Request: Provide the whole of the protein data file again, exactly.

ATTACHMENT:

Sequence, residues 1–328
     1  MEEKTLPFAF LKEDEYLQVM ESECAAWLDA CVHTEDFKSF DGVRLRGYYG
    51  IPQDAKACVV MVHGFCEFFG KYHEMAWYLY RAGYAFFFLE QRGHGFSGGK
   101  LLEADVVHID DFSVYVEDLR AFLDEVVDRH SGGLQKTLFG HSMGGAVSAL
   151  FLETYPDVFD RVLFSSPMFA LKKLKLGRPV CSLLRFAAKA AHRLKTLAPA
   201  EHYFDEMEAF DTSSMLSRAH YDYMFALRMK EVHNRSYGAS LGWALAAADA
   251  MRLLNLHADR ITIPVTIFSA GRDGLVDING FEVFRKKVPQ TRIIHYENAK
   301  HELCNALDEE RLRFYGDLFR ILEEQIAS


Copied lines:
Sequence, residues 1–328
     1  MEEKTLPFAF LKEDEYLQVM ESECAAWLDA CVHTEDFKSF DGVRLRGYYG
    51  IPQDAKACVV MVHGFCEFFG KYHEMAWYLY RAGYAFFFLE QRGHGFSGGK
   101  LLEADVVHID DFSVYVEDLR AFLDEVVDRH SGGLQKTLFG HSMGGAVSAL
   151  FLETYPDVFD RVLFSSPMFA LKKLKLGRPV CSLLRFAAKA AHRLKTLAPA
   201  EHYFDEMEAF DTSSMLSRAH YDYMFALRMK EVHNRSYGAS LGWALAAADA
   251  MRLLNLHADR ITIPVTIFSA GRDGLVDING FEVFRKKVPQ TRIIHYENAK
   301  HELCNALDEE RLRFYGDLFR ILEEQIAS